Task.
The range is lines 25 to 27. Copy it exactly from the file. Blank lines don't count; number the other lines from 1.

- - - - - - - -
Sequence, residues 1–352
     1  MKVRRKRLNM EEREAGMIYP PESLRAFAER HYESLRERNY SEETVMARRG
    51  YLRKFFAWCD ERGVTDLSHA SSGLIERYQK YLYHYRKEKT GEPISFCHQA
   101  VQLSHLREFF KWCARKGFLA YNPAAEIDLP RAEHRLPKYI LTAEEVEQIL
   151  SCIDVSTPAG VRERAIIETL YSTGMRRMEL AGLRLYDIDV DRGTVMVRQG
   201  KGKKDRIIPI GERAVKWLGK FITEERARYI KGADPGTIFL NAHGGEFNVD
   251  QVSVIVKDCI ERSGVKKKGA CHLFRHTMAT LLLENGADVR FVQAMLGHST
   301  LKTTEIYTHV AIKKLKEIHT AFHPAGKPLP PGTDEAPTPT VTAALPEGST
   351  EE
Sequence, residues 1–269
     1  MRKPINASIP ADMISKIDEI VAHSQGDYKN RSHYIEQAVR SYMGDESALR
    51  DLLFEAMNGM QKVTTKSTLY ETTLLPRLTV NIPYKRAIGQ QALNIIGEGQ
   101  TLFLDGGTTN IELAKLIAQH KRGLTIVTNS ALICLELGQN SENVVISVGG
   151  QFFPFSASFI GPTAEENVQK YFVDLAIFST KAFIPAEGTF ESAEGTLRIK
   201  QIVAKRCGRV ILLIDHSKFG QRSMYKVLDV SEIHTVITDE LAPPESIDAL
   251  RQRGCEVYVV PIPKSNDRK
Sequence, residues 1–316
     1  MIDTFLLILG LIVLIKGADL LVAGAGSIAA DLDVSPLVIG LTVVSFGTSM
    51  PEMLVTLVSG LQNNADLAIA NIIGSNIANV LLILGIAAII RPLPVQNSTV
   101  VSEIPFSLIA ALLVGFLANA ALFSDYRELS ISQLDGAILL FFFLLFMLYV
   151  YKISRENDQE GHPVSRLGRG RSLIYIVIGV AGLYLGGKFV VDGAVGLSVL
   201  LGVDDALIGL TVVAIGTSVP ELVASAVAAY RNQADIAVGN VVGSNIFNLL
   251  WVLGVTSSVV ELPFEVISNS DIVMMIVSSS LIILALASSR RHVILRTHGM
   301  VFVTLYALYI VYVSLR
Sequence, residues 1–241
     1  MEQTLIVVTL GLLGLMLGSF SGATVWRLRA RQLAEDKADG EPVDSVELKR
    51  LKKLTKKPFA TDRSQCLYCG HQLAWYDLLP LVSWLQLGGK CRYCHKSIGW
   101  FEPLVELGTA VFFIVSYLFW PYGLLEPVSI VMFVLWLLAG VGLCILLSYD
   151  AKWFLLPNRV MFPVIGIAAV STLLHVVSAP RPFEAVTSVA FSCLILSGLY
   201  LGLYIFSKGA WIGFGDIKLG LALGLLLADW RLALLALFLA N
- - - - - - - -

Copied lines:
Sequence, residues 1–241
     1  MEQTLIVVTL GLLGLMLGSF SGATVWRLRA RQLAEDKADG EPVDSVELKR
    51  LKKLTKKPFA TDRSQCLYCG HQLAWYDLLP LVSWLQLGGK CRYCHKSIGW